In October 2018 I started attending Epicodus, a code school in Portland OR. Taking the leap to learn how to code full-time was one of the most pivotal decisions I have ever made. I am extremely grateful that I made that decision. I am now working for a company that aims to make transit more efficient with mobile fares, an effort I care about deeply, and also prioritizes my professional growth. I want to share a little about my past and why I decided to make a shift into tech, as well as some things I have learned along the way.
My interest in coding began during my last year of undergraduate studies. I have a degree in Environmental Studies and a minor in Geospatial Studies, where I focused on mapping environmental injustice. My senior capstone was an interactive map of aerial images of prisons and an essay about the environmental issues around prison sitings. I used Odyssey.js and CARTO, then CartoDB, to create the map. This was my first introduction to using an API to load map tiles, and CSS to style layers.
After completing my degree, I interned at Metro, a regional government with offices in Portland, as a GIS (Geographic Information Science) intern in their transportation planning department. There, I made maps using Mapbox, and first learned about D3. Through my experiences, I could see that there were many opportunities to create wide-reaching visualizations with code. After this internship, I took some time to work in the service industry and decide what I wanted to do with my career. These small introductions to web development remained with me during my , and I decided to take the leap and enroll in code school.
Learning how to code was by far the most challenging thing I have ever done. Although I admire self-taught programmers and those that can balance education with work or taking care of dependents, I find that, for myself, I need to be fully immersed in something to be successful. This is why I decided to go to school full time.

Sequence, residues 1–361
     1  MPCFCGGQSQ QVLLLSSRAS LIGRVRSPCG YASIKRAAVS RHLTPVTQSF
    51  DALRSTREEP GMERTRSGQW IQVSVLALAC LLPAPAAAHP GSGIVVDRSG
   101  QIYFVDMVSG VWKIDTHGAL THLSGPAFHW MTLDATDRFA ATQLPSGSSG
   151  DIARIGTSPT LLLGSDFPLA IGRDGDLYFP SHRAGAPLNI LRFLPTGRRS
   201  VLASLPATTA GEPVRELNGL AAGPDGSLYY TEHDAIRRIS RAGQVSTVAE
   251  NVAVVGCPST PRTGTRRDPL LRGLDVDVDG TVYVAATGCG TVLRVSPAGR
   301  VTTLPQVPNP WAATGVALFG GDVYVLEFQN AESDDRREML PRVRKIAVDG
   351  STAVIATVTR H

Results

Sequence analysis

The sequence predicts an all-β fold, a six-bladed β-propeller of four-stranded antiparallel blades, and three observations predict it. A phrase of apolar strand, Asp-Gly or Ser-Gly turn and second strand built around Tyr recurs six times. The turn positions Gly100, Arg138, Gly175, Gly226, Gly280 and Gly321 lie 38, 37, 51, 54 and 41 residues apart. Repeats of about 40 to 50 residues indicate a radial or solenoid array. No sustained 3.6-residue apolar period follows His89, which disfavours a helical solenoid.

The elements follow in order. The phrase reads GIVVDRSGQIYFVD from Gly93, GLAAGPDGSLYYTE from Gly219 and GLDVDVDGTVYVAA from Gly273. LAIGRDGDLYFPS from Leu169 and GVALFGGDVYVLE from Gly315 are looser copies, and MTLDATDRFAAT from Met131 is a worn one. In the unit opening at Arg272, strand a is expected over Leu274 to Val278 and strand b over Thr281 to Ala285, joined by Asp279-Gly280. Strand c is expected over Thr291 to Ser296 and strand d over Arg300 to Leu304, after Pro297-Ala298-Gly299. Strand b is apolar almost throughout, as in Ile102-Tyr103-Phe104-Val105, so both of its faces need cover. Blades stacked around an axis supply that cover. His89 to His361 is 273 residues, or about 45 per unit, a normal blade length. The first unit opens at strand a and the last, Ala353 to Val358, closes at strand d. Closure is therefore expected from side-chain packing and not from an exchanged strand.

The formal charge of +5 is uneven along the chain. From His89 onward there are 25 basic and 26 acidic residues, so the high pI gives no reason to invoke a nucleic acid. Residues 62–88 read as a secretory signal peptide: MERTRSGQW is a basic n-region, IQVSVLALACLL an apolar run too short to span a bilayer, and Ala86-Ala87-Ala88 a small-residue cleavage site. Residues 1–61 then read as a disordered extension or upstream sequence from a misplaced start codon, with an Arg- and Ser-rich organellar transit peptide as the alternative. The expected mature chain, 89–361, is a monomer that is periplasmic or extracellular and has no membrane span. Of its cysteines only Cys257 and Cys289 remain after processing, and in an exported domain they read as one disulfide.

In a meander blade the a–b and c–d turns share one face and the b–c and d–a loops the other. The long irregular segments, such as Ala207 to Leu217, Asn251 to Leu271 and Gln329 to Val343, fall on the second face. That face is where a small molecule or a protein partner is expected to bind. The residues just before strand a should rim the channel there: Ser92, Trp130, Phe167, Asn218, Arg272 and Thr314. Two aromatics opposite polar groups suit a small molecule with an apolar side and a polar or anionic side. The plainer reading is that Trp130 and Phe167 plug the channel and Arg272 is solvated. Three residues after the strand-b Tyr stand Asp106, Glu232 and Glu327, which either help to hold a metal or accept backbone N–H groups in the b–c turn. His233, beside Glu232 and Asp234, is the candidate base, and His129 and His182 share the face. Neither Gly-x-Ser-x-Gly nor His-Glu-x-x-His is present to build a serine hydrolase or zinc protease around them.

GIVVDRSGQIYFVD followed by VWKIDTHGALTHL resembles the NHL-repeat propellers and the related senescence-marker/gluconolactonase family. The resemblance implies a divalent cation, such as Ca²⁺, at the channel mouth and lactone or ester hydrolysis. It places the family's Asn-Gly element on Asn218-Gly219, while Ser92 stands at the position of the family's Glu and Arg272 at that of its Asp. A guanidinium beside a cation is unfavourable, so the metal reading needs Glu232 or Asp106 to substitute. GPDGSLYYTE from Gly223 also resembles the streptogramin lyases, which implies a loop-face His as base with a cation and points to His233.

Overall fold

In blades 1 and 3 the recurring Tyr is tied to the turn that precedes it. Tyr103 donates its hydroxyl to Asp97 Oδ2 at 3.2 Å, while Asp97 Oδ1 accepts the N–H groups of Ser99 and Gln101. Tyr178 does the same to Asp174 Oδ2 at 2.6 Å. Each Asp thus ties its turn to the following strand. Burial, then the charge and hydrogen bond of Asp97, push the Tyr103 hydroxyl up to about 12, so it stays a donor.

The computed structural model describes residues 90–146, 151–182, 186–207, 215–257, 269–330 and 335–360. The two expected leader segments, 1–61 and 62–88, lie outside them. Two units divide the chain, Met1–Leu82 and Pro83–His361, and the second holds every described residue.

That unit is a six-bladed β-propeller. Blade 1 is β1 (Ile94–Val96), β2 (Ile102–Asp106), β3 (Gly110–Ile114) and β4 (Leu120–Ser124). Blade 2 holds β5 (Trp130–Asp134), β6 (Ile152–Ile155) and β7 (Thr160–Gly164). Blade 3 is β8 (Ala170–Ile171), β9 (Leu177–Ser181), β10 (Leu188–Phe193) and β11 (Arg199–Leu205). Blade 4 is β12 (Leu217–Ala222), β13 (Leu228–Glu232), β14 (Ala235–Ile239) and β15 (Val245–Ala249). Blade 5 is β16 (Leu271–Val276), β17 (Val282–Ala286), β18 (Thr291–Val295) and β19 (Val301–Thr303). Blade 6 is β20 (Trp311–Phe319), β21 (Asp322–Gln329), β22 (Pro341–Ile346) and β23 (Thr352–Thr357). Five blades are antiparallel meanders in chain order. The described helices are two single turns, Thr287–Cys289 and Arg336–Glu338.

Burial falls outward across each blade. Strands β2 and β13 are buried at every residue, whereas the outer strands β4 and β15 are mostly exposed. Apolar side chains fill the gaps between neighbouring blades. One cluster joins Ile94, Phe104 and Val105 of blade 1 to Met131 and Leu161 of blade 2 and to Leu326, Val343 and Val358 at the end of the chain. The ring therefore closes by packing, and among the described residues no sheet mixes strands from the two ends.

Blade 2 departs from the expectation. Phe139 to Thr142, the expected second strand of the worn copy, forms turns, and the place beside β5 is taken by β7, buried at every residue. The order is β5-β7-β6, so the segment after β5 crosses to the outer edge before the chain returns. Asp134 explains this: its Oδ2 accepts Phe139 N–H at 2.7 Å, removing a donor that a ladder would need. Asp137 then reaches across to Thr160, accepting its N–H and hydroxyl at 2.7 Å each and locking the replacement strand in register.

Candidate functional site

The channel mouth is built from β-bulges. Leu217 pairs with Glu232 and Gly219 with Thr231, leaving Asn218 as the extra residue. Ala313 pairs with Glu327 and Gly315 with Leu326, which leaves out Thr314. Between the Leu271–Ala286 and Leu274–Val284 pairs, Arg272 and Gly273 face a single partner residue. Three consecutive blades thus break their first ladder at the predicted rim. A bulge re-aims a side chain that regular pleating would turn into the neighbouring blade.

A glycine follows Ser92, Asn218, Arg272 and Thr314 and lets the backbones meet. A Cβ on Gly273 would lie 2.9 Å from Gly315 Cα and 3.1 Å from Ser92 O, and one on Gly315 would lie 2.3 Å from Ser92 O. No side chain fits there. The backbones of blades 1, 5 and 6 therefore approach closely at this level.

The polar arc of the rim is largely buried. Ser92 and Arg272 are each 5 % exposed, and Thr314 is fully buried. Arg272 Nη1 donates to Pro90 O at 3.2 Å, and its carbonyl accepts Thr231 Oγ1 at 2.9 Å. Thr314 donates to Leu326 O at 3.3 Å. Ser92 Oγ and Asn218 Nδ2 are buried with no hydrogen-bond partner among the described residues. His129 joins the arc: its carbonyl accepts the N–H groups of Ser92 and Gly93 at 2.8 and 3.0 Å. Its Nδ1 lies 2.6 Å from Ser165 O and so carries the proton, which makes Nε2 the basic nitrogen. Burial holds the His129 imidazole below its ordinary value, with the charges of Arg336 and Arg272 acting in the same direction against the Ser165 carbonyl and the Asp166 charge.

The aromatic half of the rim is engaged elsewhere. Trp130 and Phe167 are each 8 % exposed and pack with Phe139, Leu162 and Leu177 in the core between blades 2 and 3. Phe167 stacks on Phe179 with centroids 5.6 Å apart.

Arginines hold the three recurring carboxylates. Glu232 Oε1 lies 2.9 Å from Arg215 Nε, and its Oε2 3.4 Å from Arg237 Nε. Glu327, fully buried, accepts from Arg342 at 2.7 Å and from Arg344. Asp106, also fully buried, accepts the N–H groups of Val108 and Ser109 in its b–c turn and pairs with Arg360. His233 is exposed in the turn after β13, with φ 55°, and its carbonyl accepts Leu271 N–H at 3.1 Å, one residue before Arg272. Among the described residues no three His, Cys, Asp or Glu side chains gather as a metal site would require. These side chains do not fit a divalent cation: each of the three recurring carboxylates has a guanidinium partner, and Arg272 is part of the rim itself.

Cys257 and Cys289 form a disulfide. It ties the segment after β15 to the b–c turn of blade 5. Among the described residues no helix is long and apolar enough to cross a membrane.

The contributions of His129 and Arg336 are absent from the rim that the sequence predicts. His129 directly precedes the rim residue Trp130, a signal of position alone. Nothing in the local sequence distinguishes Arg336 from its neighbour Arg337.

I was able to go to school full time because I received a scholarship from Tech Rise, a program through Worksource Portland Metro that aims to increase racial and gender diversity in the tech industry. During the time of receiving this scholarship, I was working in the service industry and had accrued student debt from my undergraduate studies. I was not financially equipt to take on more debt, and the scholarship enabled me to avoid taking out more student loans. I am extremely grateful for what this scholarship has given me and scholarships like this deserve more support.
Though I am a woman entering a male-dominated industry, I want to recognize that I have privileges that have helped me make such a swift transition into tech. I am a cis straight able-bodied white female with some economic privilege. I do not have any dependents, I have a steady living situation, a supporting partner and family. If I was not afforded any mix of these privileges, entering tech would have been a lot more difficult for me.
Lastly, these are in no way revelatory or may work for everyone; they are just some things I found helped me.
My first year of writing code was one of the hardest and most transformative years of my life. In year two I am continuing to attend some meetups (twice a month) and would like to volunteer with other community-minded coding organizations like Code For PDX. I would also like to volunteer with I am taking more time for exercise and my personal health by exercising more.